RTPI Plein Air Fest draws regional artists
JAMESTOWN — Artists came with their materials ready to make their best creations possible during the opening day of the Roger Tory Peterson Institute’s Plein Air Festival.
“We have artists painting throughout Chautauqua County and it’s just a really wonderful event to celebrate the beautiful areas that we have,” RTPI Marketing and Communications Officer Jill Bornand said.
According to rtpi.org, the Festival is a two-day, open enrollment, plein air painting event in Chautauqua County that was held Thursday and Friday. Artists had the opportunity to discover the beautiful natural scenery of Western New York which inspired a young Roger Tory Peterson. Artists may paint at a variety of locations within the area, with suggested locations that were provided two weeks prior to the festival. Locations were to include the RTPI nature preserve, the Chautauqua Watershed Conservancy, Audubon Community Nature Center, the downtown Jamestown Riverwalk, and Johnson Estate Winery.
“Plein air painting is about leaving the four walls of your studio behind and experiencing painting and drawing in the landscape. The practice goes back for centuries but was truly made into an art form by the French Impressionists. Their desire to paint light and its changing, ephemeral qualities, coupled with the creation of transportable paint tubes and the box easel–the precursor to the plein air easels of today–allowed artists the freedom to paint ‘en plein air,’ which is the French expression for ‘in the open air,”’ said artistsnetwork.com.
Sara Baker Michalak, of Fredonia, said she was creating a collage of a meadow at RTPI which include grasses, insects, wildflowers, which specifically reflect the current moments of the fall. Her collages come from photographs of the natural world.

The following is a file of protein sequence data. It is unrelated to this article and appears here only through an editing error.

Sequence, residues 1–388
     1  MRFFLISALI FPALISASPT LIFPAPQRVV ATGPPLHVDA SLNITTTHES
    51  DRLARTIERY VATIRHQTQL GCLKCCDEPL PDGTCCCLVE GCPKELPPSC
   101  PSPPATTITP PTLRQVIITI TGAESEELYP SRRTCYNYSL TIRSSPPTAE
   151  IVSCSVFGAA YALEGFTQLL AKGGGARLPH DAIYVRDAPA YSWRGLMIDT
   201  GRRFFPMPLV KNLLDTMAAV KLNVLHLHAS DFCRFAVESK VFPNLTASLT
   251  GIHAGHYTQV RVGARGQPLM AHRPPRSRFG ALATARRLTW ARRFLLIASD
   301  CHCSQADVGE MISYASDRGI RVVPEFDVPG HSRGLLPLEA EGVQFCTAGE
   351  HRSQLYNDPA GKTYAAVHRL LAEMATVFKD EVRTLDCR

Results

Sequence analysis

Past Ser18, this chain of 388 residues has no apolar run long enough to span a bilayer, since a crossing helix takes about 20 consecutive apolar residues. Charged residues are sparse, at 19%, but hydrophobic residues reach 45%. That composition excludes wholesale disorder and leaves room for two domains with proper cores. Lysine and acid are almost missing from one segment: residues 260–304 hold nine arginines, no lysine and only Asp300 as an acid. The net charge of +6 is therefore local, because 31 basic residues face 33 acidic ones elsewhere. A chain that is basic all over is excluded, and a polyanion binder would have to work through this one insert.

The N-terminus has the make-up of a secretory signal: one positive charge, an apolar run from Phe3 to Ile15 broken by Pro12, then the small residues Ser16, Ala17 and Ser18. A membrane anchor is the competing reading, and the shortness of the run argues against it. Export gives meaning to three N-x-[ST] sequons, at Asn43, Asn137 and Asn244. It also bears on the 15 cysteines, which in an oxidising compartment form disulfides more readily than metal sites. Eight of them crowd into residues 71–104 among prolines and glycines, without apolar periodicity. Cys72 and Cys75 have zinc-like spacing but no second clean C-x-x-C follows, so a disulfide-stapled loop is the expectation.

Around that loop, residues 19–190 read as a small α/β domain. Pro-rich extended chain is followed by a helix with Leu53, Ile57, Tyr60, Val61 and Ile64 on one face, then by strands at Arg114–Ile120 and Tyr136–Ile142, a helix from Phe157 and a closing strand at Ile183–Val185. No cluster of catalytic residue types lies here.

“I edit those (photos) to express my impressions of environments,” she said.
Donald Michalak, Sara’s husband, was also on the RTPI campus getting ready to paint a picture of part of the RTPI building located at 311 Curtis St. He first drew a rough scketch of the building to get the right perspective. He lined up his easel and used markings on the building, markings on the ground, and a ruler to make sure the proportions were correct.
West Valley artists Judson Brown was painting on small pond on the campus and said because of the changes in sunlight, things were in flux.
“That’s one of the joys of Plein Air painting, you have the little changes that occur, that might not otherwise be seen if you work from a photograph, which obviously we’re (artists) not,” Brown said.
Following two days of painting, artists are invited to display their completed works at the “Wet Paint” sale on Saturday. All paintings submitted to the show will be entered into a judged plein air painting competition, with awards given out during the closing reception on Saturday from 5 to 7 p.m. All art work submitted to the show will also be considered for an exhibition of plein air paintings at RTPI, to be held in the Fall of 2023 through Spring of 2024, rtpi.org said.